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Apple TV Series Review: Prehistoric Planet Shows Dinosaurs in the Wild!

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There’s something about dinosaurs that still make them the topic of many series and movies. Producers Jon Favreau and Mike Gunton have envisioned a world where Dinosaurs hunt and exist in the enthralling new series Prehistoric Planet. Read on for a review of Prehistoric Planet on Apple TV!

Prehistoric planet review


The series combines award-winning wildlife filmmaking, the latest paleontology learnings and state-of-the-art technology to unveil the spectacular habitats and inhabitants of ancient Earth for a one-of-a-kind immersive experience. “Prehistoric Planet” presents little-known and surprising facts of dinosaur life set against the backdrop of the environments of Cretaceous times, including coasts, deserts, freshwater, ice worlds and forests. From revealing eye-opening parenting techniques of Tyrannosaurus rex to exploring the mysterious depths of the oceans and the deadly dangers in the sky, “Prehistoric Planet” brings Earth’s history to life like never before. 

Prehistoric Planet Review

Screener provided by AppleTV, all thoughts and opinions my own.

The premise of Prehistoric Planet is simple: What if there were cameras 66 million years ago?  What did dinosaurs look and sound like while hunting or eating?  Prehistoric Planet answers those questions in a visually pleasing new series that gives viewers a birds-eye view of the planet when dinosaurs occupied most of the land.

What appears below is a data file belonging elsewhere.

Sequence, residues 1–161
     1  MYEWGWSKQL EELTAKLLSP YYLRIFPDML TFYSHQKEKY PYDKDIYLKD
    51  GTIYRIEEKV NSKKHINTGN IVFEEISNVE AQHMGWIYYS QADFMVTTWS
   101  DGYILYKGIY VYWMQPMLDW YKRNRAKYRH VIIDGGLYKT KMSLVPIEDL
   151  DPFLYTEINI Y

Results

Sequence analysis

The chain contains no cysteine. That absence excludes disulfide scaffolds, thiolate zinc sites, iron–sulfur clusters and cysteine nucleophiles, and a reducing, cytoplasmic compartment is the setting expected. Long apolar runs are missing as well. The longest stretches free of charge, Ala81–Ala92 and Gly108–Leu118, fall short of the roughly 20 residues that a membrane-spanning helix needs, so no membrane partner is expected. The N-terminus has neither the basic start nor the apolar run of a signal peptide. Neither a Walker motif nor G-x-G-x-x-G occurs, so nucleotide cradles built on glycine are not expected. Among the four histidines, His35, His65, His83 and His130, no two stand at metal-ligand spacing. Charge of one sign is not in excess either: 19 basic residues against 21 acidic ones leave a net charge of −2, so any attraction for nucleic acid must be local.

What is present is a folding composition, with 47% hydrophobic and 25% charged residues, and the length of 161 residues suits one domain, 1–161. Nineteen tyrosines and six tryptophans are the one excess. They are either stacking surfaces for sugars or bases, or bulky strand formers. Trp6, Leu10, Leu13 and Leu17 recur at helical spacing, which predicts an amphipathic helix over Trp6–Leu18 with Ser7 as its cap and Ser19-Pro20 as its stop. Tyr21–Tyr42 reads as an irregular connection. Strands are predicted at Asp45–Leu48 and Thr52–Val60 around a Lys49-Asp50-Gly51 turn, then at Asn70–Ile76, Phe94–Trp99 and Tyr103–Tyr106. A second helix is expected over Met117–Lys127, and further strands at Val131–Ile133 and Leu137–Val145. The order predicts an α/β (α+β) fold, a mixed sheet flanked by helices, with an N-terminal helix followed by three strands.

The attention to detail is IMPECCABLE in Prehistoric Planet.  There are a few scenes where you can tell the dinosaurs are CGI, but most of the time?  The animals look very realistic and it’s easy to feel transported as if there were cameras alongside dinosaurs hunting and trying to survive.  The background scenes seem to be real and each episode varies showing dinosaurs in different environments the first few being the coast and desert.   

Prehistoric planet review

The narration of Prehistoric Planet is done by David Attenborough whose crisp British accent guests view through the ups and downs of life amongst dinosaurs.  He also does a bit of an introduction and conclusion to each episode for viewers which is helpful to know what dinosaurs are being covered in each episode.  

Viewing Prehistoric Planet means that you might have to put some disbelief aside especially if you are watching with children.  I fielded questions like “How did they know that dinosaur had feathers?” and “Did T Rex really know to swim to another island to get food?”  I had no answers but it was a good opportunity to do some googling and reserve some dinosaur books from the library.

Prehistoric Planet also introduces two new dinosaur species:

  • Qianzhousaurus, sometimes known as ‘Pinocchio rex’ because of their long snouts. These new tyrannosaurs were newly discovered in the last decade in Eastern China. 
  • Nanuqsaurus, a small tyrannosaur (around 6 meters) built for life in the polar north, we get a glimpse of them here covered in insulating feathers to help them survive the winter in prehistoric Alaska. It is probable that they were intelligent, social animals capable of hunting in groups to bring down large prey. 

Apple TV is running neck and neck with Disney Plus for documentaries that are both beautiful and intelligent and Prehistoric Planet will fill that need for more animal series on streaming devices.


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